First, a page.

I hadn’t been following the child abuse charges against Australian Cardinal Pell all that much because I assumed, based on the evidence, that they were somewhat plimsy and would never stick.
But they did — in a series of trials that are as odd as they come. At the heart of the proceedings there was a single witness and what appeared to be “recovered memories” of abuse.
The end result? A cardinal is now in jail and a bunch of journalists have been handed the Aussie equivalent of contempt-of-court charges.
This is a complex story that I’ll do my best to break down, starting with what CruxNow ran in December:
NEW YORK — In a decision that will undoubtedly create shockwaves around the globe, Cardinal George Pell, the most senior Church official to stand trial for sexual abuse, was found guilty on Tuesday by a Melbourne court.
In one of the most closely watched trials in modern Catholic Church history, after nearly four full days of deliberations, a jury rendered unanimous guilty verdicts on five charges related to the abuse of two choirboys in 1996.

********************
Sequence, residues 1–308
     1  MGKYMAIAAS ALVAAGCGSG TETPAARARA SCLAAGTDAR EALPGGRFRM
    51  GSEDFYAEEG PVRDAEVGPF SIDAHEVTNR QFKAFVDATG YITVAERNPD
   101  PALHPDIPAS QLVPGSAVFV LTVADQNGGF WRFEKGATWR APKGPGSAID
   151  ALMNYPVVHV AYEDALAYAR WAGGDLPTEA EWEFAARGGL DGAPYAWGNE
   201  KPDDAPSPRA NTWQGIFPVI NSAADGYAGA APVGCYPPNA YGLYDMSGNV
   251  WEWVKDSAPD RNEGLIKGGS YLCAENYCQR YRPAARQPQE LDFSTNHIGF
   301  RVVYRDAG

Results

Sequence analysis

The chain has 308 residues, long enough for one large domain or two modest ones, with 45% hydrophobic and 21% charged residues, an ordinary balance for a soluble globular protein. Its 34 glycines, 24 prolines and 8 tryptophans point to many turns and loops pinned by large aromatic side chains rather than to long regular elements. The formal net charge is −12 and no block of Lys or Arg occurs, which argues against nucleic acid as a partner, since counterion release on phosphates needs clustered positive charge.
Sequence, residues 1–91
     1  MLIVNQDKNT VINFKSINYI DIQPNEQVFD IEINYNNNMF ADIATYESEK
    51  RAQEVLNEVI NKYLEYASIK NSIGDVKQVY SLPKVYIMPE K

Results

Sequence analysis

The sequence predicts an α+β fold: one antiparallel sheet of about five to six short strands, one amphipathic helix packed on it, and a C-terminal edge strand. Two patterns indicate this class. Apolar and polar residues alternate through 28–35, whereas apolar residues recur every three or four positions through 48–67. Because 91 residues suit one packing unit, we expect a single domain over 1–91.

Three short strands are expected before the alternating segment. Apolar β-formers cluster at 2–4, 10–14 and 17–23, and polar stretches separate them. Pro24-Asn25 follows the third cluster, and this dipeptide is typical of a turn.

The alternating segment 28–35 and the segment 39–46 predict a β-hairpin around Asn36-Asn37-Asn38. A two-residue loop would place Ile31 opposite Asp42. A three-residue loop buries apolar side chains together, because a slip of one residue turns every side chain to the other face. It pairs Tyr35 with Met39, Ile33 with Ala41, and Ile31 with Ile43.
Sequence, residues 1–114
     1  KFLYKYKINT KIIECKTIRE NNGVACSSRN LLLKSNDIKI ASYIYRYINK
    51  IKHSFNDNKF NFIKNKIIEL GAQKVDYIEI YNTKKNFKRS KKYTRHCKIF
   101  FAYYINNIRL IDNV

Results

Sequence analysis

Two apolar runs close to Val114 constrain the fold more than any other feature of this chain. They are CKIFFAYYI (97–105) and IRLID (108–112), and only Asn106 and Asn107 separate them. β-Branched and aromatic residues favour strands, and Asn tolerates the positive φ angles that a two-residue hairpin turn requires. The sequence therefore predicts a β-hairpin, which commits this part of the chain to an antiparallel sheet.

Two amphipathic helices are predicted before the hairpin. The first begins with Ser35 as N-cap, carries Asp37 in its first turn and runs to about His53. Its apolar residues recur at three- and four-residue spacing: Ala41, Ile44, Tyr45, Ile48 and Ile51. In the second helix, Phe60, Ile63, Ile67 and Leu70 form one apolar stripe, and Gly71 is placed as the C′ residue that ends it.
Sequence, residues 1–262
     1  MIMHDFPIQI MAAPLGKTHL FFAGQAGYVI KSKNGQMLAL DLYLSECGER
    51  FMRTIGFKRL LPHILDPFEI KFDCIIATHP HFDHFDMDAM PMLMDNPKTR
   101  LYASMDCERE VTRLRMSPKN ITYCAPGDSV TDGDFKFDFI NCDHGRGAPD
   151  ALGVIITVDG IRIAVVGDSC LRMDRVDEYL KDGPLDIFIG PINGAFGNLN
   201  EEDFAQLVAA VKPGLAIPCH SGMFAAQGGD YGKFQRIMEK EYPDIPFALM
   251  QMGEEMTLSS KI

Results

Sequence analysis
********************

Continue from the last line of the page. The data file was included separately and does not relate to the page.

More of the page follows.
The trial, which began on November 7, has been subject to a media blackout at the request of the prosecution, and follows a first trial in September ended after a jury failed to reach consensus.
Pell, who is 77 years old, is currently on a leave of absence from his post as the Vatican’s Secretary for the Economy.
In June 2017, Pell was charged by Australian police with “historical sexual assault offences,” forcing him to leave Rome and return home vowing to “clear his name.”
Technically, CruxNow wasn’t supposed to run that story because of this media blackout, aka a suppression order, that media around the world were supposed to follow. Of course, lots of news sources outside of Australia’s borders refused to go along.
The charges concern a claim that Pell sexually abused two male altar boys about 20 years ago when he was archbishop of Melbourne and that he did so on several occasions following Sunday Mass.